From freestyle to creeking, this shorty dry top gets the job done well in whitewater!

Nantahala “Horns of God” – Photo by: Rahul Subramanian

Product website: https://kokatat.com/product/gore-tex-trinity-dry-top-dtutrn 

I’ve been a whitewater kayaker for over 15 years now, so I’ve tried a lot of different brands and types of splash/semi/dry tops.  I’m a big warm natured type of guy that lives in the southeast, so I’ve learned over the years that I don’t have much use for splash or semi-dry tops.  I typically paddle on hot summer days either skin to the wind or with a light sun protection shirt if the water temperature is above 50 degrees.  However, I find great use in having a shorty dry top for many reasons starting in the spring and throughout till late autumn.

I started using my new Kokatat Gore-Tex Trinity Dry Top in the late spring this year while creeking season was still in its prime.  The milder air and water temperatures during this time make it a bit uncomfortable for me to wear a full dry suit.  Having a shorty dry top as an option in my gear bag during this season always increases my comfort while keeping a much dryer core and creek boat.  I also like the safety aspect of having an extra piece of gear on to aid in rash protection in case of a manky creeking situation.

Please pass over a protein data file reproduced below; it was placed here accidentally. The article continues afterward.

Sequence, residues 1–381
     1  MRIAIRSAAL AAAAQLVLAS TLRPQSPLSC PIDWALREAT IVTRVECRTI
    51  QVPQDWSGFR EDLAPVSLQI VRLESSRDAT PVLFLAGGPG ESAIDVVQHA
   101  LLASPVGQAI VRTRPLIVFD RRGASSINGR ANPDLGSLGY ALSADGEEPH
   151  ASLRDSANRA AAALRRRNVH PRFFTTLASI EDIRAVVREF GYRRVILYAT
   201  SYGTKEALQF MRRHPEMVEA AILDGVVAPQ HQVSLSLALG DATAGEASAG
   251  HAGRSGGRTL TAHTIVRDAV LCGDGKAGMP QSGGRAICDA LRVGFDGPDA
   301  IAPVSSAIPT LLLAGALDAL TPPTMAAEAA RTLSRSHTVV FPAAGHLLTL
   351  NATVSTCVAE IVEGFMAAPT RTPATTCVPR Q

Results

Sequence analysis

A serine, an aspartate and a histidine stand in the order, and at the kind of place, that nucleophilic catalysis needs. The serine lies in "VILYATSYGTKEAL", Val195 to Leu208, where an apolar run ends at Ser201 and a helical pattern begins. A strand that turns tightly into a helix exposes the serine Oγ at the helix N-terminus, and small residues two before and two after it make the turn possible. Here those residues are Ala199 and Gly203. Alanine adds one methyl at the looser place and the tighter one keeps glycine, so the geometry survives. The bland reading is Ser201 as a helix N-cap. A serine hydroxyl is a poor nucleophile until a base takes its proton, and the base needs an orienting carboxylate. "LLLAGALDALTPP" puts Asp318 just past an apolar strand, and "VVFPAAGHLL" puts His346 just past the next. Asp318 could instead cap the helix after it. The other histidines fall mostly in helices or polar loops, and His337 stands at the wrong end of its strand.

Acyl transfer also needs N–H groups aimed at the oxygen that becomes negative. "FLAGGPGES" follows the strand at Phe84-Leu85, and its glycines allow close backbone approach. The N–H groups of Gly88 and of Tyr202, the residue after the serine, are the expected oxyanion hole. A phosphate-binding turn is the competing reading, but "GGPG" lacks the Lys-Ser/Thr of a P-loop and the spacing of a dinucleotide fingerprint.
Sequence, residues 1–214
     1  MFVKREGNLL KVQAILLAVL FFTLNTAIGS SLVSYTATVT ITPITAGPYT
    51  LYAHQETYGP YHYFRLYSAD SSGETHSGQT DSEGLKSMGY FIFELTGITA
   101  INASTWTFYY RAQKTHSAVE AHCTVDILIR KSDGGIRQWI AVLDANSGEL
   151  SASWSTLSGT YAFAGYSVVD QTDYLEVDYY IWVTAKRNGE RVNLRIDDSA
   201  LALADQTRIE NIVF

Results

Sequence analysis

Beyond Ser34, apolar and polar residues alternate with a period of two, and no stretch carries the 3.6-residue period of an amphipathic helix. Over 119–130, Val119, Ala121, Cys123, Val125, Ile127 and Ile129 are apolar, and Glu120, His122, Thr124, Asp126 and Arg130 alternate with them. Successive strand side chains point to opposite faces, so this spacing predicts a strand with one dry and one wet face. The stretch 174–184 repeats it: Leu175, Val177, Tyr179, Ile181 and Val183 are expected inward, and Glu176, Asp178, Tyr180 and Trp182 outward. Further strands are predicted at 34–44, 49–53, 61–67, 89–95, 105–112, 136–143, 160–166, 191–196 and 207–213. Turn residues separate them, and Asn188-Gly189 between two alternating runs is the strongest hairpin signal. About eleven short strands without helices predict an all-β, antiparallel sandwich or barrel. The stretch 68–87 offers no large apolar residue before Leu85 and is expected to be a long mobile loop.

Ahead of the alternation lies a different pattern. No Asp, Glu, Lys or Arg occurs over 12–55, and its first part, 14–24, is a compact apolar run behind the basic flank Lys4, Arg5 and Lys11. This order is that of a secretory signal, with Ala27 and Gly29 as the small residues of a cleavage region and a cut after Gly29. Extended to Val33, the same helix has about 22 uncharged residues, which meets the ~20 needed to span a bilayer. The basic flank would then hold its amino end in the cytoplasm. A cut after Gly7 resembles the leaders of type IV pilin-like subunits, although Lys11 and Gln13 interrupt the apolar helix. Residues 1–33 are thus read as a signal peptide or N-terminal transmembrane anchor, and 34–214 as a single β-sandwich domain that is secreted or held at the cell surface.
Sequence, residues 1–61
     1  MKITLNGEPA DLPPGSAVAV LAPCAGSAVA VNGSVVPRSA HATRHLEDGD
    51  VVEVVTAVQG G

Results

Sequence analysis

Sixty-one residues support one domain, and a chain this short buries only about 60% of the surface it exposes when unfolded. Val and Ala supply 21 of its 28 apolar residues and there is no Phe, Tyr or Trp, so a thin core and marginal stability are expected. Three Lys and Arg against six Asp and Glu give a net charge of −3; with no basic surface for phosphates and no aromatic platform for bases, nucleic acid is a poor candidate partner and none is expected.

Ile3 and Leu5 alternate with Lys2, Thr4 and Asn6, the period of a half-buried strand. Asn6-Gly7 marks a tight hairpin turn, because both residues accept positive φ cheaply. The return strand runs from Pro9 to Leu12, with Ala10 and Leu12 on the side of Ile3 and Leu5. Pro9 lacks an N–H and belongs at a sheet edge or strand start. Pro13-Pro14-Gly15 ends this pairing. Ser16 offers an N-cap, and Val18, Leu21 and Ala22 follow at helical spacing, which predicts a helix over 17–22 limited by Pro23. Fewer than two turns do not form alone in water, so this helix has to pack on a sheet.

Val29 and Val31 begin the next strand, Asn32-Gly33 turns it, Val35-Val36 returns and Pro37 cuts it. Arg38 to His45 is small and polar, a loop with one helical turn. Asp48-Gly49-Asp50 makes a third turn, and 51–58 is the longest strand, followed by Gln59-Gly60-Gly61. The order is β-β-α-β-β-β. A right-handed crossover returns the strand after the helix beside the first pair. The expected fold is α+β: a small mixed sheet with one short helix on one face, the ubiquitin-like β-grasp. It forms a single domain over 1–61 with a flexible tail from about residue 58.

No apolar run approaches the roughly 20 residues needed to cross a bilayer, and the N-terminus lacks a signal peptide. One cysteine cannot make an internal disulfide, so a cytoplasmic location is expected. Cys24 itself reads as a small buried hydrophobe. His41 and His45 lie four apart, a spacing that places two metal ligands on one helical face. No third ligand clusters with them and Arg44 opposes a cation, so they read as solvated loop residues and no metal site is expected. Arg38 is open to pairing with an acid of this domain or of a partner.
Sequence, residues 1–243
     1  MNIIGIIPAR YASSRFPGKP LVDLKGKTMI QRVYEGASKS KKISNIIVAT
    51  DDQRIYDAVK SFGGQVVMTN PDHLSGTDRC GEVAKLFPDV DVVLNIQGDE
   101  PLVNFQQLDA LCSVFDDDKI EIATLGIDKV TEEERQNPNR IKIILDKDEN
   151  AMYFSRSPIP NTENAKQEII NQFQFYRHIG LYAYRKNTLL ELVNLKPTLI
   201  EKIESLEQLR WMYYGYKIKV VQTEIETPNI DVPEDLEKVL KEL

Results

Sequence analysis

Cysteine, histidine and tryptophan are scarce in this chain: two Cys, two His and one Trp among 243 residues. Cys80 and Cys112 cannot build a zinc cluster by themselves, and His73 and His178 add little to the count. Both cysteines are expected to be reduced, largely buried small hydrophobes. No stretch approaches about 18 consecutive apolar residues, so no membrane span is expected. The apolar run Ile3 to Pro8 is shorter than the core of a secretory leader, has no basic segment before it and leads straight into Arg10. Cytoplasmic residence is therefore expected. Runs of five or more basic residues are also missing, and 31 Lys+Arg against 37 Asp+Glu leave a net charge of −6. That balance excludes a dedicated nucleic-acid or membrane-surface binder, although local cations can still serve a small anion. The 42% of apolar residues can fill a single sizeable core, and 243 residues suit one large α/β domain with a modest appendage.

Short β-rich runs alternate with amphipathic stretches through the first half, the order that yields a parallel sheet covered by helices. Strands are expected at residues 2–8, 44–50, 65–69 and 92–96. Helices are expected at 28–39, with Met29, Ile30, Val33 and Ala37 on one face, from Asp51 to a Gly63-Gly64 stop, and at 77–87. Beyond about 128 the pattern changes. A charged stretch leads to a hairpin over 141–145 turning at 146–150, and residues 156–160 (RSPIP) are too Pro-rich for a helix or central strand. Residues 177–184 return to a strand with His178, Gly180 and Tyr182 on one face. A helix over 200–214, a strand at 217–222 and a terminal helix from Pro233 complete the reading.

Laurel Fork of the Doe “Groove Tube” – Photo by: Matt Dalton

This year I was amazed at how much dryer both me and my boat were using the Trinity compared to other “dry” shorty tops I have owned in the past!  I typically layer under my shorty with a short sleeve thin rashguard.  Every time I took off my Trinity this spring and summer after creeks and river runs I found my rashguard completely dry of water.  My boat was also 100% dry as long as if I did not have to get out to scout or portage through the water on a run.  The seal the Trinity makes with my spray skirt is superb.  

I also like to use a shorty dry top when I playboat, because freestyle kayaking tends to keep you upside down and splashing around a lot.  Thus water can implode through your spray skirt tunnel without some sort of paddle jacket to aid in sealing.  The Trinity really shined in performance during summer playboat sessions!  It was by far the best dry top I’ve every worn while playboating.  I could go for a 1-2 hour play session with only a few drops in my boat after I was done flipping and tricking.  This was a very impressive finding in comparison to other tops I’ve used playboating!  The Gore-Tex coating not only helped keep me dry from whitewater in the feature, but it also help me from over perspiring inside the jacket on the warmer days.  This makes for a great balance of comfort all the way around! 

The only thing I thought was missing on the Trinity was some sort of small gear pocket.  I find a zip pocket to be a handy accessory some of the time.  As with any dry top the latex gaskets took some time to break-in (stretch) to fit well.  At first the gaskets were rather tight, but now they feel fine and are still bone dry.  Overall, I am extremely satisfied with this purchase and would highly recommend the Trinity Dry Top to any whitewater kayaker who does not has an allergy to latex.